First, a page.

The great girdle of a Great officer was 4 inches (wide) 18. In variegated girdles, the colours for a ruler were vermilion and green; for a Great officer, cerulean and yellow; for an (ordinary) officer, a black border Of 2 inches, and this, when carried round the body a second time, appeared to be 4 inches. On all girdles which were tucked in there was no needlework.

(An officer) who had received his first commission wore a cover of reddish-purple, with a black supporter for his girdle-pendant. One who had received the second commission wore a scarlet cover, (also) with a black supporter for the pendant; and one who had received the third commission, a scarlet cover, with an onion-green supporter for the pendant 19.

The son of Heaven wore a girdle of plain white silk, with vermilion lining, and ornamented ends.

The queen wore a robe with white pheasants embroidered on it; (a prince's) wife, one with green pheasants 20.

(The cords that formed the loops and buttons) were 3 inches long, equal to the breadth of the girdle. The rule for the length of the sash (descending from the girdle) was, that, for an officer, it should be 3 cubits; for one discharging a special service, 2½. Dze-yû said, 'Divide all below the girdle into three parts, and the sash will be equal to two of them. The sash, the knee-covers, and the ties are all of equal length 21.'

(The wife of a count or baron) who had received a degree of honour from the ruler 22 wore a pheasant cut out in silk on her robe; (the wife of the Great officer of a count or baron), who had received two degrees, wore a robe of fresh yellow; (the wife of a Great officer), who had received one degree, a robe of white; and the wife of an ordinary officer, a robe of black.

Only the ladies of honour 23 received their degree of appointment, when they presented their cocoons. The others all wore the dresses proper to them as the wives of their husbands.


1. Such a cap had been used anciently; and it was used in the ceremony, though subsequently disused, out of respect to the ancient custom.

2. When his grandfather was dead, and his father (still alive) was in deep mourning for him.

3. By way of punishment or disgrace.

4. Also in punishment. See Book III, iv, 2-5.

5. B.C. 711-694.

6. If we could see one dressed as in those early days, we should understand this better than we do.

7. Because of its expensiveness.

8. The five 'correct' colours were azure (青; of varying shade), scarlet (赤; carnation, the colour of the flesh), white, black, and yellow. The 'intermediate' were green (緣), red (紅), jade-green (碧), purple (紫) and bay-yellow (駵黃).

9. See the concluding article in the 'Narratives of the School.' The words of Confucius are understood to intimate a condemnation of Ki Khang-dze.

10. Made of black lamb's fur and white fox-fur.

11. Or, according to many, in giving charges about agriculture.

12. Of one colour, worn by the king, at a border sacrifice.

13. Or foreign dog. An animal like the tapir or rhinoceros is called by the same name, but cannot be meant here.

14. 'The dress,' says Kang, 'worn by the common people.'

15. The bone seems to be specified; 須 read pan. What bone and of what fish, I do not know.

16. From this paragraph to the end of the part, the text is in great confusion; with characters missing here and there, and sentences thrown together without natural connexion. Khan Hâo has endeavoured to readjust them; but I have preferred to follow the order of the imperial and other editions. The Khien-lung editors advise the reader to do so, and make the best he can of them by means of Kang Hsüan's notes. Khan Hâo's order is paragraphs--25, 19, 20, 27, 23, 21, 22, 24, 26, 28, 29. By this arrangement something like a train of thought can be made out.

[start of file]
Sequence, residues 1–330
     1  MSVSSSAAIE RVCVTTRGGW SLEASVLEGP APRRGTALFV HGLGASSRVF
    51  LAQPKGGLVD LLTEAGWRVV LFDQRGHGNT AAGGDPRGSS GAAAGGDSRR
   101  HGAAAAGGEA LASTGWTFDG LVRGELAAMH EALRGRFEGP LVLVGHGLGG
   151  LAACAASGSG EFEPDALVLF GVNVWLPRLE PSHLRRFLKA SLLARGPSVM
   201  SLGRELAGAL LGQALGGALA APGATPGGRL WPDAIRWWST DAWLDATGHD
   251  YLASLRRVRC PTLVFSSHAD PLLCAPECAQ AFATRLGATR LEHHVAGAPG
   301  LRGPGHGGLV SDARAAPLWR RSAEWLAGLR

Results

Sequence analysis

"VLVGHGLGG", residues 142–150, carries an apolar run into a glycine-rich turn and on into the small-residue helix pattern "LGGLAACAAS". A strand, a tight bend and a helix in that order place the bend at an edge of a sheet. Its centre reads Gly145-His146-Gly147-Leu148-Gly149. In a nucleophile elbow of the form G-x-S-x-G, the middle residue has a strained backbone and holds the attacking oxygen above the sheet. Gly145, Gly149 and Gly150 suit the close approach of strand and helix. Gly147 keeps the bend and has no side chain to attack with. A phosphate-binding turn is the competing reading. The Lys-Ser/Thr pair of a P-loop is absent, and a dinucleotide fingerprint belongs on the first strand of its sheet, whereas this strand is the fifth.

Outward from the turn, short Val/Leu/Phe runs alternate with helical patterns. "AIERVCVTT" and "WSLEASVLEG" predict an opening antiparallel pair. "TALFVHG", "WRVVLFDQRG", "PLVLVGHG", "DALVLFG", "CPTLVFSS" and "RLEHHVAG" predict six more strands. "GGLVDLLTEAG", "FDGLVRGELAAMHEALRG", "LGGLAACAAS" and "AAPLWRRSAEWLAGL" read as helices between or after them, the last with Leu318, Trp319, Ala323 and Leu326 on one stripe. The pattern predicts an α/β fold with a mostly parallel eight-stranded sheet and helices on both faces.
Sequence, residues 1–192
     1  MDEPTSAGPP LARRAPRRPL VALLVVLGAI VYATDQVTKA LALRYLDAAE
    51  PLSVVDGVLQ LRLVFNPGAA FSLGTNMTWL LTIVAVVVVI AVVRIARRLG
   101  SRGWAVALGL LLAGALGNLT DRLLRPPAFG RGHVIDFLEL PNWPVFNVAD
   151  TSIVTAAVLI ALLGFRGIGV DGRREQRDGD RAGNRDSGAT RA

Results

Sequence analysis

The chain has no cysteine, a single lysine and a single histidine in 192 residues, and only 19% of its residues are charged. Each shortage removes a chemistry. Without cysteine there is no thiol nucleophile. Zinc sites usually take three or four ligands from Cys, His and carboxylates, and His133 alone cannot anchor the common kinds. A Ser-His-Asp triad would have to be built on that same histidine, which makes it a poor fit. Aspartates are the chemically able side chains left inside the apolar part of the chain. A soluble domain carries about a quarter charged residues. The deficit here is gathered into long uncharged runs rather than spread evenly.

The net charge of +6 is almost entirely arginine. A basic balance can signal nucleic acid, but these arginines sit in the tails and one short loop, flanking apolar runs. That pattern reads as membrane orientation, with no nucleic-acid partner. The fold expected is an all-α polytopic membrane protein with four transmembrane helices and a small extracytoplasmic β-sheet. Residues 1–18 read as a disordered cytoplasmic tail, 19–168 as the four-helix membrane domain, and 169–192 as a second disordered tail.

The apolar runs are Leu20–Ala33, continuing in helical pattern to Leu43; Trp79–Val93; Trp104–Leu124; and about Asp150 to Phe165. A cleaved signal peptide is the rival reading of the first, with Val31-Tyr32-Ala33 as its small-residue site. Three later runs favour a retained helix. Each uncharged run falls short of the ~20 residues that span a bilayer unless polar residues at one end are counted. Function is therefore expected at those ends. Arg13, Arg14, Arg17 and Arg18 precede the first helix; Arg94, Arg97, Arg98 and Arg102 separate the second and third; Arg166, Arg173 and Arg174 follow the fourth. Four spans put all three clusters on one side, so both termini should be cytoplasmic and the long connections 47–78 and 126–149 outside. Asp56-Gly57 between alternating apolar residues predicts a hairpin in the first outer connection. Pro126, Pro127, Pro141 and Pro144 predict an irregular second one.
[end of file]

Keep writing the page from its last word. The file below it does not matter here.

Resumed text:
The knee-covers of the prince of a state are represented thus--
and of a Great officer,

The knee-covers of the prince of a state are represented thus--
and of a Great officer,

The middle suspender joined on to the top strap at the neck; the two others at the shoulders. On the central portions of the cover were represented certain of the emblems of distinction, according to the rank of the wearer:--dragons on the king's; flames on a prince's; and mountains on a Great officer's. But I do not think the makers of these figures had distinct ideas of the articles which they intended to represent. They certainly fail in giving the student such ideas. The colours, &c., moreover, appear to have varied with the occasions on which they were worn.

The middle suspender joined on to the top strap at the neck; the two others at the shoulders. On the central portions of the cover were represented certain of the emblems of distinction, according to the rank of the wearer:--dragons on the king's; flames on a prince's; and mountains on a Great officer's. But I do not think the makers of these figures had distinct ideas of the articles which they intended to represent. They certainly fail in giving the student such ideas. The colours, &c., moreover, appear to have varied with the occasions on which they were worn.

18. This, according to the Khien-lung editors, was the girdle or sash of 'correct dress,' and white. The variegated girdles, they say, were worn in private and when at leisure.

19. The character for a knee-cover here (韍, fû) is different from that in paragraph 21 (韠, pî); but the Khien-lung editors say their significance is exactly the same. How the knee-covers and the supporter or balance-yard (衡, hang) girdle pendant are spoken of together, I do not know.

20. The pheasants here referred to are described as I have done in the R-Ya. The 'wife' is supposed also to include the ladies called the king's 'three helpmates' in Book I, ii, Part ii, I.

21. Khan Hâo says, 'Man's length is 8 cubits; below the waist 4½ (= 45 inches). A third of this is 15 inches. 2 x 15 = 30 or 3 cubits, the length of the sash, and of the covers in par. 22.' The cubit must have been shorter than the name now indicates. I do not know what the 'ties' were.

22. Kang Hsüan took the ruler here to be feminine, and to mean 'the queen;' and, notwithstanding the protest of the Khien-lung editors, I think he was right. This paragraph and the next speak of the queen and ladies who were brought around her by their work in silk. Why may we not suppose that in her department she could confer distinction on the deserving as the king did in his? This passage seems to show that she did so.

23. These ladies--'hereditary wives'--occur also in Bk. I, ii, Part ii, 1. It is commonly said that there were twenty-seven members of the royal harem, who had each that title; but there is much vagueness and uncertainty about all such statements. 'The others' must refer to the ladies, wives of the feudal lords and Great officers, whose rank gave them the privilege to co-operate with the queen in her direction of the nourishing of the silkworms and preparation of silk.

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IATHPublished by The Institute for Advanced Technology in the Humanities, © Copyright 2003 by Anne Kinney and the University of Virginia